- Text smaller
- Text bigger
Amid heavy public pressure and under threat of a lawsuit, officials with the state of New Jersey offered an honor guardsman who was fired for saying “God Bless America” his job back but under conditions deemed “insulting” by the guardsman, including the apparent condition that he no longer offer the blessing.
As WorldNetDaily reported, Vietnam combat veteran Patrick Cubbage maintains he was sacked for invoking the name of God during grave-side burial services for deceased veterans.
“God bless you and this family, and God bless the United States of America,” the evangelical Christian used to say as he presented a folded flag to the fallen veteran’s family.
Cubbage believes he was only following orders and cited the federal flag presentation protocol detailed in training literature he was given when he began working as a part-time guardsman at the Brig. Gen. William C. Doyle Veterans Memorial Cemetery in North Hanover, N.J., in October 2001.
The protocol calls for honor guardsmen to give the very blessing Cubbage offered “if the next of kin has expressed a religious preference or belief.” Cubbage said he always checked with the family first to see if they would like to receive the blessing.
But after one of Cubbage’s fellow honor guardsmen complained, Cubbage was ordered to stop giving the blessing because it could “offend Jews and Muslims.” He then was fired last October after he continued to give the blessing.
Lt. Col. Roberta Niedt, spokeswoman for the New Jersey Department of Military and Veterans Affairs, or NJDMVA, told the Philadelphia Inquirer the cemetery has a “standard phrase [for the flag presentation] for each service” and that Cubbage was dismissed for departing from the standard presentation protocol.
The American Family Association, a nonprofit organization that promotes family values, picked up on the incident and issued an action alert e-mail to its members urging them to contact Gov. James McGreevey and top officials at the NJDMVA and raise objection to “PC run amok.”
As a result, the governor received 65,000 e-mails in support of Cubbage, according to AFA.
At the same time, the international civil-liberties group The Rutherford Institute came on the scene to mount a legal defense for Cubbage.
State officials immediately responded to the pressure, issuing a statement announcing that the NJDMVA’s deputy adjutant general had ordered Cubbage be restored to his position “subject to a negotiated agreement” with the state.
“Staff Sgt. Cubbage had been discharged from his position in connection with adherence to U.S. Department of Defense Policy on Military Funeral Honors,” added the statement.
When a spokesman for the governor told AFA Cubbage had been offered his job back, AFA sent out a follow-up e-mail congratulating its members on their victory.
But Cubbage remains unemployed and depressed.
“The governor’s office led us to believe that he had intervened in the case and that Mr. Cubbage was given his job back. We believe we were misled by the governor’s office,” AFA’s Randy Sharpe told WorldNetDaily. “The issue is still alive.”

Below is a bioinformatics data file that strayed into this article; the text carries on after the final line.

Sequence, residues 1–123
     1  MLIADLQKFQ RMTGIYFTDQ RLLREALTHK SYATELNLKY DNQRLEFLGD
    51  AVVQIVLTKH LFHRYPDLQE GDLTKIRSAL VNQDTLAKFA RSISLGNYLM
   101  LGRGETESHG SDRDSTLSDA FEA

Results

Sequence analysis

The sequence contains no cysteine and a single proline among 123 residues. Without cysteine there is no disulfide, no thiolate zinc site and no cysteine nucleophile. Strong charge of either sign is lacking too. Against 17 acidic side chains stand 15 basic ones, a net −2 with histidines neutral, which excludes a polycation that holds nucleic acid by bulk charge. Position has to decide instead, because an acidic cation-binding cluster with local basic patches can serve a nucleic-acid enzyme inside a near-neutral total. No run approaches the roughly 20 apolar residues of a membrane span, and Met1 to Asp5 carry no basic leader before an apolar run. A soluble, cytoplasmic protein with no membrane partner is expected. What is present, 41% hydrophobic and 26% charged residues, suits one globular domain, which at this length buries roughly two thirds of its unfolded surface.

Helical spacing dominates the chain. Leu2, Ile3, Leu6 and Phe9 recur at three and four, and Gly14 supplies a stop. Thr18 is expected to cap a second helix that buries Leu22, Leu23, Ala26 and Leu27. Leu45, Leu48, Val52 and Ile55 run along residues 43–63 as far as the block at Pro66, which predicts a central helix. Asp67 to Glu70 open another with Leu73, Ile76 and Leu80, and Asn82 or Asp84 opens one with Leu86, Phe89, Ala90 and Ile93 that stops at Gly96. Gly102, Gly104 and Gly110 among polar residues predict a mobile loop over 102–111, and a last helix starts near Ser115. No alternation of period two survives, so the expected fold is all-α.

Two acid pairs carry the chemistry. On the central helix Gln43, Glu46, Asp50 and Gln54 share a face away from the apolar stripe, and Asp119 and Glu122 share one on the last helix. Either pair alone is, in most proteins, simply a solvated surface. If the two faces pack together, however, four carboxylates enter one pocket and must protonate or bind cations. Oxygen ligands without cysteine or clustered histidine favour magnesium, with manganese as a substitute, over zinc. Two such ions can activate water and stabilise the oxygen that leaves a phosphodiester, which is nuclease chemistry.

John W. Whitehead, president of The Rutherford Institute, told WND the “negotiated agreement” offered to his client by NJDMVA and referenced in its statement “insulted” and “deflated” Cubbage.
According to Whitehead, the agreement calls for Cubbage to reapply for his position as though he were a rookie and requires him to say that he violated the federal policy on military funeral honors.
Whitehead said Cubbage has been unable to find a new job because he’s honest and tells prospective employers that he had been fired.
The Rutherford Institute seeks back wages, a clean file, an apology and the same seniority with the department as though Cubbage was never gone.
“It’s a dark day in the life of our nation when an American can’t ask God’s blessing on this country,” he said.
Calls to the governor’s office and to NJDMVA were not returned. AFA’s efforts to get a clarification on the blessing were also rebuffed.
Whitehead is hopeful the case will be settled out of court and pointed out the irony of President Bush’s remarks following the tragedy of the Space Shuttle Colombia.
Bush ended his moving address Saturday by saying, “May God bless the grieving families, and may God continue to bless America.”
“Cubbage said those same words and got fired,” said Whitehead, who also intends to seek clarification on the federal policy from Bush.
“The president should say something about this because if he can say it, why can’t an honor guardsman?” he asked.
As WND reported, The Rutherford Institute posted an online petition to enlist support for its case and to press Bush and Congress to take a stand on the issue “once and for all.”
“America is supposed to be a land where freedom and faith go hand in hand, but for Patrick Cubbage … it seems to bear little resemblance to the framework our founding fathers established to protect our rights to religious freedom,” reads the petition.
The institute reports 4,347 people have added their electronic signatures to the petition.
Related special offers: